So for the iSCSI data Network, the best Practice is with MPIO on standard vSwitch.

What about for data Network for Production VM ?

Can I use LACP for higher throughput while still maintaining redundant path in case one cable is broken ?
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Andrew Hancock (VMware vExpert / EE MVE^2)VMware and Virtualization ConsultantCommented:
So for the iSCSI data Network, the best Practice is with MPIO on standard vSwitch.

Multipath is recommended for all iSCSI, unless your SAN vendors tells you different.

What about for data Network for Production VM ?

Can I use LACP for higher throughput while still maintaining redundant path in case one cable is broken ?

Again LACP is NOT SUPPORTED for Standard Switches.

and we are now asking question which our out of scope and drifting off the original questioned asked, which was about iSCSI.
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Vladislav KaraievConnect With a Mentor Solutions ArchitectCommented:
Never use LACP or any other kind of network aggregation for iSCSI networks unless it was required by your SAN vendor. Use MPIO (Multipathing) instead.

Generally speaking, teaming creates a network overhead by adding an extra text string into each Ethernet frame.
 
Usually, nothing bad happens during the low workload or when teaming is used along with NAS protocols (NFS/SMB) since the number of Ethernet frames per second is not really high.
 
In case of iSCSI traffic which, essentially, turns into block level access, the number of frames per second may be really high especially when smaller 4k/8k access patterns are being used. When iSCSI networks are teamed, LACP driver processes each frame which leads to an extra CPU load and increased latency.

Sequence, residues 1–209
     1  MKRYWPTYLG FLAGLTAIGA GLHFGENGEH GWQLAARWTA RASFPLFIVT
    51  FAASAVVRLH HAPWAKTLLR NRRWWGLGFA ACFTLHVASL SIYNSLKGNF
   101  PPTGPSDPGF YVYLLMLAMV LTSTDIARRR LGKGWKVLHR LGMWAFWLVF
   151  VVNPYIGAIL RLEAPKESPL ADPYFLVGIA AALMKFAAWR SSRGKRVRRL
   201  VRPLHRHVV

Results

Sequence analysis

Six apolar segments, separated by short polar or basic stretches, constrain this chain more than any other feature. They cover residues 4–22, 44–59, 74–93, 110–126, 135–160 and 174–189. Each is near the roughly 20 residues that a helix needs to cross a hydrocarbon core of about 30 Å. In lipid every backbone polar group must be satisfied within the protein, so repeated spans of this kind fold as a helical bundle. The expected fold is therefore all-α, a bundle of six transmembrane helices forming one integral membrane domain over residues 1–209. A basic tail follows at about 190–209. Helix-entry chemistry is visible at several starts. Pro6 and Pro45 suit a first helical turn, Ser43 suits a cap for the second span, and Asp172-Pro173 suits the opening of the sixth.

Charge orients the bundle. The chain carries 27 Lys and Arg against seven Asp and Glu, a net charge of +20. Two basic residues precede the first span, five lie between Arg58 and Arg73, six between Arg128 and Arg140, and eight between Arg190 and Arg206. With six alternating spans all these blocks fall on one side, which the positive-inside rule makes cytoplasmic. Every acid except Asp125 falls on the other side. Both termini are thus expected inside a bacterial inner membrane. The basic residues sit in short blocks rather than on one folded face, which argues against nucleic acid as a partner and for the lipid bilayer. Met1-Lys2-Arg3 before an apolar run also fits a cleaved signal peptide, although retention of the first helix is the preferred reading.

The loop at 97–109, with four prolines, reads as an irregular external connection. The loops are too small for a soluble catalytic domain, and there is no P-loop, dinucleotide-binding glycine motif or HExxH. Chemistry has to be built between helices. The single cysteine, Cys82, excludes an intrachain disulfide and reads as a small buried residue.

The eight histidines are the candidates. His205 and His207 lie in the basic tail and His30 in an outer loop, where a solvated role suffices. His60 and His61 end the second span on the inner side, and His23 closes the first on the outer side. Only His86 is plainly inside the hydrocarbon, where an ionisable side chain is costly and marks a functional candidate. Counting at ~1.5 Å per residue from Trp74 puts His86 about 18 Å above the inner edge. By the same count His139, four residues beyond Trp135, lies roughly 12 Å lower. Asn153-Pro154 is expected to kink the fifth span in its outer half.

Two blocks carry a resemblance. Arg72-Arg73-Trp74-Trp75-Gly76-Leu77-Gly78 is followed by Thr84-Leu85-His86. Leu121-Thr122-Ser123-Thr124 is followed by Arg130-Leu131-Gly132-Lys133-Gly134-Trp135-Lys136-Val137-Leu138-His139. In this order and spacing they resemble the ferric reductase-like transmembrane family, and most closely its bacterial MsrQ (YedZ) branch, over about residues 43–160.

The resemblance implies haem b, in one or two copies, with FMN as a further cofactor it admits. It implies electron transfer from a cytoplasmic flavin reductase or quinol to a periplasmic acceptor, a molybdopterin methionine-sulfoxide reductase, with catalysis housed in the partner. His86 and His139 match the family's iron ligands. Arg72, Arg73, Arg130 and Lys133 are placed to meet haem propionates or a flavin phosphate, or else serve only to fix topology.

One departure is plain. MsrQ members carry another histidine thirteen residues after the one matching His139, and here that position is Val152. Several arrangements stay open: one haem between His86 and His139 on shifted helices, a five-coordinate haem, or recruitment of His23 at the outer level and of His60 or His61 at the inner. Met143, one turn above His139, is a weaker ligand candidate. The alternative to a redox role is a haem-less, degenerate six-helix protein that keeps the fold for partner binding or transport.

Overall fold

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Senior IT System EngineerIT ProfessionalAuthor Commented:
Vladislav,

So in this case for general purpose VM like file server VMs on VMware is to use MPIO with 2X uplinks and then host the VMFS LUN on NFS rather than iSCSI ?
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Andrew Hancock (VMware vExpert / EE MVE^2)Connect With a Mentor VMware and Virtualization ConsultantCommented:
Test which works for you best NFS or iSCSI.

Multipath as per my EE Article for iSCSI.

NFS you can use teaming, or a multipath arrangement.

BUT it does depend on what your SAN vendor recommends.

So what does Qnap recommend, and a Qnap NAS, is based on NAS, e.g. NFS, my bet is iSCSI is another added layer on the Qnap, so maybe slower.

But the only way to know, is to test both using iSCSI and NFS.

and if you only want to create a VM for a File Server, why not use native NAS features such as Windows/CIFS Shares?
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Senior IT System EngineerIT ProfessionalAuthor Commented:
Hi Andrew,

Thanks for the clarification and suggestion.

As for the native Windows CIFS it requires Windows server VM right ?
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Andrew Hancock (VMware vExpert / EE MVE^2)VMware and Virtualization ConsultantCommented:
As for the native Windows CIFS it requires Windows server VM right ?

No, your Qnap NAS can also do WIndows CIFS.